In the interest of full disclosure, I should state at the start that I have been a fan of South Korean automaker Hyundai’s products for close to 20 years now. We had a good experience with the 2003 Santa Fe SUV we bought, and it worked well for my daughter and son as well.
So that could be seen as influencing my opinion of the new Genesis G70 sedan, which is no longer a Hyundai but a stand-alone entity, much like Lexus is Toyota’s luxury outlet, Acura is Honda’s, and Infiniti is Nissan’s. (Interesting that they are all Asian products.)
Except a lot of other reviewers feel the same way I do, and analysis by U.S. News & World Report, which is based on different sources, rates the 2019 Genesis G70 No. 4 among luxury small cars behind a couple of Audis (A5 and A4) and the BMW 2-Series, which is pretty good company.
It just nudged out its cousin from Kia, the Stinger sedan, but was rated ahead of both the Mercedes-Benz C-Class and the BMW 3-Series, generally seen as the standard bearers in the segment. In a comparison test, Car & Driver gave the edge to the Genesis G70 over the BMW 340M in its final analysis, noting that the G70 “does everything nearly as well as the BMW, and it even manages to do a few things better.”
Yes, the report said, the BMW holds the advantage in overall oomph, but the G70 “has more than enough performance and handling for 90 percent of drivers 95 percent of the time.”
With the 2019 Genesis G70 an all-new model, the new G70 gets only a few modifications for 2020, the more significant being some new brake packages for the middle-of-the-pack 2.0T Sport model and a power-operated trunk lid for the top-of-the-line 3.3T trim.
This review is based on my experience in the 3.3T, which logs in with a starting MSRP of $45,645 or just over $9,000 more than the base 2.0T (but still well under the starting price for its Teutonic competitors).
It comes with a 3.3-liter, twin-turbo V6 engine that is rated at 365 horsepower and 376 pound-feet of torque. The G70 3.3T can cover zero-to-60 in under five seconds and is mated with an 8-speed automatic transmission that can be set to several drive modes starting with Comfort and going on to Sport and Eco.
Mileage figures are about the only shortcoming with the 2020 G70 getting EPA ratings of 17 miles-per-gallon city, 26 highway, and 20 combined. According to the EPA, you’ll spend about $4,750 more on fuel over a five-year period compared to the average new vehicle. Annual fuel cost is an estimated $2,450.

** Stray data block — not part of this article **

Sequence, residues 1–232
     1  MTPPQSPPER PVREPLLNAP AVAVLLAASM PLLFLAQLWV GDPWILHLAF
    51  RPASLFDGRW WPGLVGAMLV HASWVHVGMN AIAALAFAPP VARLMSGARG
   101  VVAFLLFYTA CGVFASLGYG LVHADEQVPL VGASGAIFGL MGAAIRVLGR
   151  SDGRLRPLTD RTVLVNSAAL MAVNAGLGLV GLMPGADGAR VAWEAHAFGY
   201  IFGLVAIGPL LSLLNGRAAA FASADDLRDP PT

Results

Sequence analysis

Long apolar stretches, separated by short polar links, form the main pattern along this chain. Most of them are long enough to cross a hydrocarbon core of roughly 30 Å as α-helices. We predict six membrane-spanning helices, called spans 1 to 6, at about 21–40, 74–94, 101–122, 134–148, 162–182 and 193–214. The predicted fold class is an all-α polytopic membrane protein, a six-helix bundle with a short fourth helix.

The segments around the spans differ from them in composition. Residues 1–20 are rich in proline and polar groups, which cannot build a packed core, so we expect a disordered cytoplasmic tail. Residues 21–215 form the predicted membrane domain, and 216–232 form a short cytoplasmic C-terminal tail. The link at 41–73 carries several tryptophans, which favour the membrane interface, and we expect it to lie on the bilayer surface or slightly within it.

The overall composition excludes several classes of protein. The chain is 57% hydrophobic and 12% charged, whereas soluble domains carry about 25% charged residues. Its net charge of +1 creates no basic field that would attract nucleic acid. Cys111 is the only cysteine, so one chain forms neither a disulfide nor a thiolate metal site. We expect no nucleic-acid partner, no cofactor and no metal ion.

Frankly, I’m suspicious of those kinds of numbers, but it’s the government, so we should trust the government, right? (You do? You want to buy some beachfront property in the Florida Everglades, too?)
The G70 3.3T has a long list of standard features. Among the more significant are Forward Collision Avoidance Assist with Pedestrian Detection, Driver Attention Warning, Lane-Keep Assist, Rearview camera with parking guidelines (the guidelines are a huge help), Brembo Brakes, Sport-Tuned suspension, Proximity Key with push-button start, LED headlights, taillights, and daytime running lights, sunroof, leather seating surfaces, l6-way power adjustable driver’s seat with 4-way lumbar support, power tilt-and-telescoping steering wheel, adaptable cruise control (Smart cruise control in Genesis speak), Lexicon 15-speaker audio, Apple CarPlay and Android Auto, and Bluetooth communications.
Optional packages like Elite (rein-sensing wipers, low-beam assist, parking distance control, heated steering wheel, ventilated front seats, and wireless charging port) and Prestige (head-up display, surround-view monitor, Nappa leather seating surfaces, power trunk, and suede headliner) add to the niceties.
Those packages are going to fun the final cost to over $50,000, but the Genesis still remains a top luxury vehicle with economic pricing.
What I liked about the 2020 Genesis G70: It looks great, inside and out, and its ride is comfortable and quiet. It has all the bells and whistles you want in a luxury car, and all the systems are very easy to operate.
What I didn’t like about the 2020 Genesis G70: The trunk is a bit on the small side (10.5 cubic feet) and fuel economy is not quite as good as many of its competitors, but it’s not overly thirsty either, though premium fuel is recommended.
Would I buy the 2020 Genesis G70? Most definitely. Genesis also offers slightly larger sedans with the G80 and the all-new for 2020 G90 models, but for me, the G70 strikes the right chord.
*Photos furnished by Genesis